This is a good product, well made and easy to use. I have had one for years and it has saved many an old piece of gear.
I agree. It can punch through lots of tough stuff, it’s extended the life of lots of gear. I found it easier to forego the little spool and just pull out the length of thread needed.
Um, it’s just an ordinary awl, and is in no way a sewing machine. Did you not know awls existed? What next? Fork! For all your food stabbing needs!
It isn’t an ordinary awl. WTFY!
(But it did take me weeks to figure it out.)
Looks great, i’ll have to pick one up. Doesn’t look at all speedy though.
The deal is that the needle has a hole in the end like sewing machine. My father used them to make holsters and knife sheaths.
I recall a rafting article about an expedition where they tore their raft and they were sure they had one of these with them, but someone didn’t pack it. However they did have one of the needles and dental floss and managed to make repairs with great difficulty. .
A normal awl just has a spike on the end, rather than a threadable needle.
And sewing/stitching awls (cobblers make a distinction between the two, but mostly the same thing), are what sewing machines are based on.
I modified my speedy stitcher for all kinds of sewing http://youtu.be/C4-8lmcZK5w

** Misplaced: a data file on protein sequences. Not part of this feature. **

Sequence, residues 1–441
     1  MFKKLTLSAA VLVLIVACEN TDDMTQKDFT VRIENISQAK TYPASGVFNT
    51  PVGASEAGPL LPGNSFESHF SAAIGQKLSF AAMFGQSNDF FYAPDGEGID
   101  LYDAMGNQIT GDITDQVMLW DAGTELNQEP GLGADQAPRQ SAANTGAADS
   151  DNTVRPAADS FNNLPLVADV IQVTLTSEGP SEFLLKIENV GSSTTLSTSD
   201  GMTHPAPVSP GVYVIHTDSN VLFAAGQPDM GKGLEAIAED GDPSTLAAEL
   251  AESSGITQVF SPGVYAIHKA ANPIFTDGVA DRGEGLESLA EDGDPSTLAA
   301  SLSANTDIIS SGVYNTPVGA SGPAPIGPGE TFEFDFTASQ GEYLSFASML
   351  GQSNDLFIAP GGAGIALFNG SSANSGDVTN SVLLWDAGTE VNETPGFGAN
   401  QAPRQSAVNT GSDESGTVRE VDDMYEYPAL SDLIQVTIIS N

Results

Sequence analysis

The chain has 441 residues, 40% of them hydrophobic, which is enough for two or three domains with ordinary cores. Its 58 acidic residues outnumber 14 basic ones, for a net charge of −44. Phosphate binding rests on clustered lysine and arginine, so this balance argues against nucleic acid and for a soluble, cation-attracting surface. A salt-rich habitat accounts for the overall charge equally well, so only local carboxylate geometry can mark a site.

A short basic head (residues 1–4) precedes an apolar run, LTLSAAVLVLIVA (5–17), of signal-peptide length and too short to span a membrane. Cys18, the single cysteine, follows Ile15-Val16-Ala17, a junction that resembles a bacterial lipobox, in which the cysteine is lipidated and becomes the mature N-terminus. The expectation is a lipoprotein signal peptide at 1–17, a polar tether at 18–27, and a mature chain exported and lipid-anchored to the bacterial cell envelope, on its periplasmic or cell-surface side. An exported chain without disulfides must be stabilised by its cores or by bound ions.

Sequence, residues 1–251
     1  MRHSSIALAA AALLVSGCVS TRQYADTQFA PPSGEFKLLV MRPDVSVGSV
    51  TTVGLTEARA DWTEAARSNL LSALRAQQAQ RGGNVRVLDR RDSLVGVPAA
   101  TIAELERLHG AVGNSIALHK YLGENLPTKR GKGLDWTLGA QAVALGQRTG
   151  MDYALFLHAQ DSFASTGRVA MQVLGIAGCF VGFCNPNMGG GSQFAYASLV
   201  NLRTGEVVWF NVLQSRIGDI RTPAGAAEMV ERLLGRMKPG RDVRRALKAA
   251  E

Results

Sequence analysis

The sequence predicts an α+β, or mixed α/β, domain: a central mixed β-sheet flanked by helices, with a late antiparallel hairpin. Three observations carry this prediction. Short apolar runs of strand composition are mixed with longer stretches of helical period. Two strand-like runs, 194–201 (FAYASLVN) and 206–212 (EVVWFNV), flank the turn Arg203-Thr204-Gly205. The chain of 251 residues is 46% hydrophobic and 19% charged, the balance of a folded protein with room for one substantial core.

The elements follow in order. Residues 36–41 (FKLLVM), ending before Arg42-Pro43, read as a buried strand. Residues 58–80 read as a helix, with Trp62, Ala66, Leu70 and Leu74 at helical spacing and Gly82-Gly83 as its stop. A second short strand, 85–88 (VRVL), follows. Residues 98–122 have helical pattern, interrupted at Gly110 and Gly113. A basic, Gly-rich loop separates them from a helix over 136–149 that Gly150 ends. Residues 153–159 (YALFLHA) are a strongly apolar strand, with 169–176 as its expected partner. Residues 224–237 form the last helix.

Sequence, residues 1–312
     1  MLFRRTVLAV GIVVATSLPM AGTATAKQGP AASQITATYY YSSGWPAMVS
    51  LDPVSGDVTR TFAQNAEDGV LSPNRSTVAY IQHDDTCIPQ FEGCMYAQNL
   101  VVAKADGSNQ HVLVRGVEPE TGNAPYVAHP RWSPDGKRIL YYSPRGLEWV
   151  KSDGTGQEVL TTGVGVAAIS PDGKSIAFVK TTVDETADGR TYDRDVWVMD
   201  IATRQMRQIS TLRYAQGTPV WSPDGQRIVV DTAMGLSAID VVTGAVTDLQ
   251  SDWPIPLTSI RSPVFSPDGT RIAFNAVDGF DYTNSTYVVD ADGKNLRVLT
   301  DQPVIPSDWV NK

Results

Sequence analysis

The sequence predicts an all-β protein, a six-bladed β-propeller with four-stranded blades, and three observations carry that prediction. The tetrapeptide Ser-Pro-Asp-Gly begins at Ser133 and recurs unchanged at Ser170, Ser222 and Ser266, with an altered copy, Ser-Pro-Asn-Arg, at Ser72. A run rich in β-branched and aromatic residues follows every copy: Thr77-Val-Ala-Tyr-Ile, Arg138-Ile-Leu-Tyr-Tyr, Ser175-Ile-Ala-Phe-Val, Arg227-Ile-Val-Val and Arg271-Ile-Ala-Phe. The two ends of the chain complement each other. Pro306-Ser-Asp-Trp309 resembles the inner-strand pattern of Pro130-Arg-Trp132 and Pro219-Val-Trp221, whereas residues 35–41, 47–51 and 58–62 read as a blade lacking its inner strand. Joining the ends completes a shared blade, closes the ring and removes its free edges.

A related-but-different item: the sewing palm. It gives you an iron plate with which to push needles through heavy material. Often used for sail repair.
Here’s one on Amazon.
There’s also something called a roping palm. I’m not sure how roping palms are different from sewing palms.
I’ve had one for years, and it’s nice and heavy so that you can really lean into it if you have to. But whenever possible, I use the double-needle saddle stitch.
What’s your point? It’s not like the stitching awl is a new development. They’ve been around for literally (and I do mean literally) hundreds of thousands of years. The earliest stitching awls found date back the Paleolithic era.
I hope this will give some of you a better understanding of, why handsewn leather is so much better and why it costs more, as it is quite time consuming, because very few are just as fast as the Hermès craftsman.
Right. The Speedy Stitcher is useful, but you have to be careful to balance the tension on both sides of the work, so that the interlocking loops are buried in the middle of the material. This is tricky when you are sewing thin leather or canvas. With the saddle stitch, you just pull as hard as you like and still end up with a neat stitch on both sides. (The waxed nylon thread sold for the Speedy Stitcher is excellent for this, as well as for whipping rope and similar jobs.)
And to make your stitches neat and even, a thonging chisel. http://www.amazon.com/Vktech-Stainless-Steel-Chisel-Leather/dp/B00CBRMRNI/ref=sr_1_2?ie=UTF8&qid=1439127009&sr=8-2&keywords=thonging+chisel
This is why I have to keep buying more toolboxes.
Is this some sort of dildo? THis is a dildo-right???
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